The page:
This is not going to be fun.
I thought it was going to be. I picked up Kelsey Grammer’s autobiography So Far at a thrift store; the title, the cover featuring multi-colored crayon scribbles and K-Gramms with a t-shirt tucked into real light blue jeans and a sport coat and boat shoes and the most fucking Frasier look possible on his wide face; it all screamed FUN! The kind of cynical, ironic fun that makes people hate our generation.
But see here is the problem: I fucking hate Kelsey Grammer. I didn’t know I hated Kels when we started reviewing Frasier eps, I didn’t know I hated K-Gramms when we stopped reviewing Frasier eps either (like a decade ago I think). But Kelsey Grammer is my absolute least favorite type of person in the universe. He is convinced that the moderate success and fantastically good luck he has had is proof that he is special, that he deserves all of it and that it justifies every piece of shit thing he’s ever done.
Kelsey Grammer is certain that the fact he was on Frasier means that a story about how much his dog likes snow is interesting to people. He’s also hilariously self-centered, and a true sexist and he is somehow capable of making any person’s greatest tragedy all about him.
OK but the thing is, is that if you can get past all that, if you can ignore what a disgusting piece of shit K-Gramms is, this book is really funny. Like the fact that he several times recounts stories of people telling him how attractive he is. Or the fact that he earnestly compares himself to Jesus. Or the fact that he absolutely writes in the voice of Frasier. He says things like “My God, she sure was sexy.”
So my gift to the 11 people who read this is to condense the book into the most amusing parts, starting with the fucking dedication:
He dedicates it to his dead sister. It would take a cold-hearted monster to criticize someone for memorializing his murdered sister, but then again it would take a monstrous narcissist to write this:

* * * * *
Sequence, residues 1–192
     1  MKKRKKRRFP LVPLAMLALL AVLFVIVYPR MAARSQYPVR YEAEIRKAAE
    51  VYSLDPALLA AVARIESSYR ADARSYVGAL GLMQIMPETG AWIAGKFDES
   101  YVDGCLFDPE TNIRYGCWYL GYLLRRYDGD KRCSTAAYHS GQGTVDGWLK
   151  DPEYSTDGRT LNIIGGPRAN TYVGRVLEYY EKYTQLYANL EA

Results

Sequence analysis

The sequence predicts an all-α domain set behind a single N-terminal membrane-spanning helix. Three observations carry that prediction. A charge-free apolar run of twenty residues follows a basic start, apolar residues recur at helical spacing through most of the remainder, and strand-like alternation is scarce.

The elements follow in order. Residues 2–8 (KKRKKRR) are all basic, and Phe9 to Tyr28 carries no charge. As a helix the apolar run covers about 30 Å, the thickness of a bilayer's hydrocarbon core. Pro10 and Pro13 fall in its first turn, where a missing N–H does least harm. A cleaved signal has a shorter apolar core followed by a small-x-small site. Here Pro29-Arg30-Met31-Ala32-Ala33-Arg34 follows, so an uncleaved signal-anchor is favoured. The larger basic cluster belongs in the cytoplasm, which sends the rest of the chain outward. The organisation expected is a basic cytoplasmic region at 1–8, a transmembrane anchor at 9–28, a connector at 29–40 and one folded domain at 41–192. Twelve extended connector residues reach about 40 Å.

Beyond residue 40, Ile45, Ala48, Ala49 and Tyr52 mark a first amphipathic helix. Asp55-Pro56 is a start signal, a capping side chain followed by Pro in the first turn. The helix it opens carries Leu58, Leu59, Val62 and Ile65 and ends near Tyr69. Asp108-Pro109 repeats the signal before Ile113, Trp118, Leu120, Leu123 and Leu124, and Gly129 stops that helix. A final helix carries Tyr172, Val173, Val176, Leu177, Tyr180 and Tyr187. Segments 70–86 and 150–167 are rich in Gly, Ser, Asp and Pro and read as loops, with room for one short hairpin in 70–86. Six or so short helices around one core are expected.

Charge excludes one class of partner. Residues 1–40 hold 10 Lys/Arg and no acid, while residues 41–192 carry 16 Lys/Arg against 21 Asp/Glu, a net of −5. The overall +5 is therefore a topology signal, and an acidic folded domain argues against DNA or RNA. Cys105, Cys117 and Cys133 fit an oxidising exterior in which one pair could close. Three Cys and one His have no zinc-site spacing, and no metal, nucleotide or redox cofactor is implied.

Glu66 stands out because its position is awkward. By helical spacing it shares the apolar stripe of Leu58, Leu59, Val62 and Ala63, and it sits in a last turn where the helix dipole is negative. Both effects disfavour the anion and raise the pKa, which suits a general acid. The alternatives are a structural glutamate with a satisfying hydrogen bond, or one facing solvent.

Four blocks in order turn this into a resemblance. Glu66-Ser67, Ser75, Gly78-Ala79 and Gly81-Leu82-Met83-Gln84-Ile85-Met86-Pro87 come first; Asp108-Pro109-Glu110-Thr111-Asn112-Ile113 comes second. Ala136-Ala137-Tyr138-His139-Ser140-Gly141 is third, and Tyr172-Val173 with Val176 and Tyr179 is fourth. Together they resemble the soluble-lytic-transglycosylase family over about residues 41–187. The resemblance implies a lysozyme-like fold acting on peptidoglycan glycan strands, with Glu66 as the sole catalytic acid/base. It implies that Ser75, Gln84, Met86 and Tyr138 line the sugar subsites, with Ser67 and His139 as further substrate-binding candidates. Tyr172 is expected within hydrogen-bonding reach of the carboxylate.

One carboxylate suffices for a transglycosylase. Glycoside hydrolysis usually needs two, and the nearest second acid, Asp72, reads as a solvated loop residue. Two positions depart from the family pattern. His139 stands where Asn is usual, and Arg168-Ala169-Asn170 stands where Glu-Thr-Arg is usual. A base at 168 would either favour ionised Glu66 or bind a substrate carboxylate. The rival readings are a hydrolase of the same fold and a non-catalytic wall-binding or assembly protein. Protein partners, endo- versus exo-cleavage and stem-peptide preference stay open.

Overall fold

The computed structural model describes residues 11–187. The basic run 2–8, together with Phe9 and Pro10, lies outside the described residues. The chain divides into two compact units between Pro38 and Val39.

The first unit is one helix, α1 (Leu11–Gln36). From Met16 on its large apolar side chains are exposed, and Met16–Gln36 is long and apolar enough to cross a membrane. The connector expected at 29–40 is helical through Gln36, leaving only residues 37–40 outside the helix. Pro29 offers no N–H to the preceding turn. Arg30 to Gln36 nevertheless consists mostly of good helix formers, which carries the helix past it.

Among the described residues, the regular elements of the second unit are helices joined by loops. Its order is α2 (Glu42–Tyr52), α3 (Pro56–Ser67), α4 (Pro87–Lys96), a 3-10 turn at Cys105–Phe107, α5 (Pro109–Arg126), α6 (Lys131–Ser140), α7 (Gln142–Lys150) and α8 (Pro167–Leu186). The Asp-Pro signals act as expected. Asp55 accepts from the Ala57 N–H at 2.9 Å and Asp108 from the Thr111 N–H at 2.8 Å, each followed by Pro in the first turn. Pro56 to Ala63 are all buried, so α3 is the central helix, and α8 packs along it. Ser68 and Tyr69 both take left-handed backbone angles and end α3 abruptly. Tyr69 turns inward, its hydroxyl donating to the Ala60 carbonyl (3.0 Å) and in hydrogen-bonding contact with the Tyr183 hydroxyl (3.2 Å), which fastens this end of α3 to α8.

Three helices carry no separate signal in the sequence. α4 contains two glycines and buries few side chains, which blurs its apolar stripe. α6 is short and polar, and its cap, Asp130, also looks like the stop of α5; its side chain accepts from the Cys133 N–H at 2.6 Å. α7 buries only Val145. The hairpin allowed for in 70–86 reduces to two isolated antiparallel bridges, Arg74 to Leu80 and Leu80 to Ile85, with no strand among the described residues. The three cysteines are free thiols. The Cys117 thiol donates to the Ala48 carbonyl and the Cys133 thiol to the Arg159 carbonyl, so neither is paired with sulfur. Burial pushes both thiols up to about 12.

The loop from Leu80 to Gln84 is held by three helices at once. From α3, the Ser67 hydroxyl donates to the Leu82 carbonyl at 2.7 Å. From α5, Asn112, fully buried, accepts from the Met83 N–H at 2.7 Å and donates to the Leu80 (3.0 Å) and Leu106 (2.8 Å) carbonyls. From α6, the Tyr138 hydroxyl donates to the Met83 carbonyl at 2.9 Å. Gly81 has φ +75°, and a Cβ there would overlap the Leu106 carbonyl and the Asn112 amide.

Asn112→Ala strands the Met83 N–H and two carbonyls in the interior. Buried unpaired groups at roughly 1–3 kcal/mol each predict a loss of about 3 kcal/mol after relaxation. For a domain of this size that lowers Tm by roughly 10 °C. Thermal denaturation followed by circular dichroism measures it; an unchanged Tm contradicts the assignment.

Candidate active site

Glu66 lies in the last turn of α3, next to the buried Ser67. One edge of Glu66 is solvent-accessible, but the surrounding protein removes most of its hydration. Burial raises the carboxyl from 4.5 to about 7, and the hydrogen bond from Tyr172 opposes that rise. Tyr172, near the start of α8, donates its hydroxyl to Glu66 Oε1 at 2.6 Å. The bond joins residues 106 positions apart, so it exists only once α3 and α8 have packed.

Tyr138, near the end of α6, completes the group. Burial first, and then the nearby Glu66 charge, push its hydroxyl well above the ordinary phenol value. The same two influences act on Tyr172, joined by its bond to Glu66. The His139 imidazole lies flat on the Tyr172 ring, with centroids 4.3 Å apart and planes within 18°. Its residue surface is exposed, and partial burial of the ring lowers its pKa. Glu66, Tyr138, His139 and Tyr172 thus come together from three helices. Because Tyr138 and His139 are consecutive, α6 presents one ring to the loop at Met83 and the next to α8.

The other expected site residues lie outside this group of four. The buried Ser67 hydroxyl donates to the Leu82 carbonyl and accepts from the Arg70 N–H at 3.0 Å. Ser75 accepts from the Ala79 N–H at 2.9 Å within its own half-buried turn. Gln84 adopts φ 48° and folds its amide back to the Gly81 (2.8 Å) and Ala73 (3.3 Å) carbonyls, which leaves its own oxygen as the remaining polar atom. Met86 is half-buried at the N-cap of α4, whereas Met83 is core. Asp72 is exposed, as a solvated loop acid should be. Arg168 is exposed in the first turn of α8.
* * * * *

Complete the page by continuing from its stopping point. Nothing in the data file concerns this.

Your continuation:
Years after my sister had died, a friend of hers told me this story: one night she and Karen had been talking about where we were all going, and Karen stopped and thought for a moment and said, “I’m not so sure about myself, but I do know this – Kelsey’s going to do it all.”
I mean. Stop for a minute and think about that. “Hey so what was your dead sister like?” “Well I will tell you, she thought I was really going to be great.” The book hasn’t even started yet and a theme is emerging.
Here are some more things that happen: Kelsey Grammer is prescient, in his introduction he writes that he “has a higher purpose in mind,” God speaks to him as a child and tells him some nonsense, he considers himself on the same level as Robin Williams and Christopher Reeve. He spends a lot of time bragging about how he was really philosophical as a six-year-old, he also brags about being great at sewing. Someone tells him he has beautiful blue eyes.
Everything is swimming along nicely – I mean horribly and hilariously but it’s all sort of whatever – until on page 45 the man who became famous for playing a fucking radio psychiatrist and for having like a million stripper wives contemplates whether he is literally Christ:
It occurred to me, and I know this might sound strange, that I might be Jesus. And I prayed that God would let me know. I didn’t mind the idea of having to die for mankind; I was just sick and tired of not knowing. After awhile it became painfully clear that I was not Jesus. That this was not exactly what He had in mind for me. Still it was that same desire to do good, to serve mankind if you will, that led me to become an actor.